Walking me through the campus and its facilities is Revathy, the eldest daughter of Suresh Kumar and Menaka. Bustling with ideas, the youngster has big dreams for the Academy. “At present, there are six courses that we offer. But for the one-year acting course, the other courses are of two years duration. Our biggest strength is our staff members and our students. Innovative competitions and contests are on the anvil,” she explains animatedly.
Although sceptics debate the efficacy of a film school on account of the many greats who have made their name without the help of such institutions, Sunny avers that such a streamlined course telescopes the wisdom gleaned through years of hands-on experience. As a seasoned teacher, Sunny feels that trained filmmakers do have an advantage. In fact, his son is one of the students in the Academy. “The kind of inputs provided here is valuable and, in addition, experienced technicians and actors interact with the students on a regular basis,” adds Sunny.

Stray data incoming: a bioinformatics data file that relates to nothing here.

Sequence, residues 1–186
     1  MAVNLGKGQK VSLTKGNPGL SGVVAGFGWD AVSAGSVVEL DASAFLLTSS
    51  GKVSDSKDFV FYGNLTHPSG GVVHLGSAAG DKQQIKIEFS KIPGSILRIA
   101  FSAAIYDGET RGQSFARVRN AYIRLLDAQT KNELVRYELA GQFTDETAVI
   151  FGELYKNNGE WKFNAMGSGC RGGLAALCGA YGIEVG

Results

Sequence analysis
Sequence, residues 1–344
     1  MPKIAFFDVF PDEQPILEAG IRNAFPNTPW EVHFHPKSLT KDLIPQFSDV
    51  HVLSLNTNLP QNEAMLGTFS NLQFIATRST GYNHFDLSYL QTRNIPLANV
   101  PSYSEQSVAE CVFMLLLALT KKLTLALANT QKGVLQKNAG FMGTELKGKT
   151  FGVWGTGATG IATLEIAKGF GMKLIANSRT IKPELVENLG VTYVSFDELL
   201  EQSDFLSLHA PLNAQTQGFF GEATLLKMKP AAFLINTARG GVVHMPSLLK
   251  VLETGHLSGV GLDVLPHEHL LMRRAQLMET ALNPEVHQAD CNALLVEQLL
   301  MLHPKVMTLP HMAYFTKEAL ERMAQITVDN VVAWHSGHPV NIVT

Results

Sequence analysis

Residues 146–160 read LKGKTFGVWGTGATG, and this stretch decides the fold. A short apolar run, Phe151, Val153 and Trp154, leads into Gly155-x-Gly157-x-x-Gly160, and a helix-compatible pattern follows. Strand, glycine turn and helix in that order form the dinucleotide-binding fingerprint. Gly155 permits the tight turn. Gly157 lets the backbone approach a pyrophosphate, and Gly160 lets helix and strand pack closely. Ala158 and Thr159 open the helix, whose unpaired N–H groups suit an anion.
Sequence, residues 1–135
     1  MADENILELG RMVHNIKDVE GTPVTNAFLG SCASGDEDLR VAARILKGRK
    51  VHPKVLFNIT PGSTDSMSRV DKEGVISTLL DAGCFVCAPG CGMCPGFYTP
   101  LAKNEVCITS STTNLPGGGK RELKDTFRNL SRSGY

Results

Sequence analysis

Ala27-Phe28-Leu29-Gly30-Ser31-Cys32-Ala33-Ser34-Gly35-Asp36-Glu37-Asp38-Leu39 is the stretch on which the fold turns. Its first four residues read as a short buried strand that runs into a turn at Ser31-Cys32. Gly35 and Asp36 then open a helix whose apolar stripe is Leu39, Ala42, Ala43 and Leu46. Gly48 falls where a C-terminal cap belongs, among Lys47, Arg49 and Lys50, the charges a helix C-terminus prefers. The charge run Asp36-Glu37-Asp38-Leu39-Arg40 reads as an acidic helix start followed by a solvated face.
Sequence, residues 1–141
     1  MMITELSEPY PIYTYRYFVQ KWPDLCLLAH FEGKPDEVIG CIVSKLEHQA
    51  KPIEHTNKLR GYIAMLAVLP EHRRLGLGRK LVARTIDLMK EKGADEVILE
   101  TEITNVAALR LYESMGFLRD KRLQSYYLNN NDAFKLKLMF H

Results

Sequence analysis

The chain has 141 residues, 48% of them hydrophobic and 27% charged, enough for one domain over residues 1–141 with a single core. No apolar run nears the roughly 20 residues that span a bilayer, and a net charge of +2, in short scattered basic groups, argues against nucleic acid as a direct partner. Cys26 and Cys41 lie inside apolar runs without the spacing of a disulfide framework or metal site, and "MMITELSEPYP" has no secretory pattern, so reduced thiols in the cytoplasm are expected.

Menaka who is also involved in the working of the Academy admits that while she earned her acting spurs on the sets, she feels that she was lucky to begin her career with some of the greats of cinema, a stroke of luck that all actors might not benefit from. “When I see the students here, I wish we had had this kind of training; it would have made things so easier for our directors,” she adds with a smile.
In addition to viewing and discussing of world cinema, the faculty members have introduced a novel method to motivate the students to read. “Every week, they have to do a presentation about something that they read; it could be a play, a poem, an excerpt from a novel, a newspaper article… just about anything. The endeavour is to help them open their eyes to the world around them and appreciate the literary bedrock of cinema,” explains Ranjith.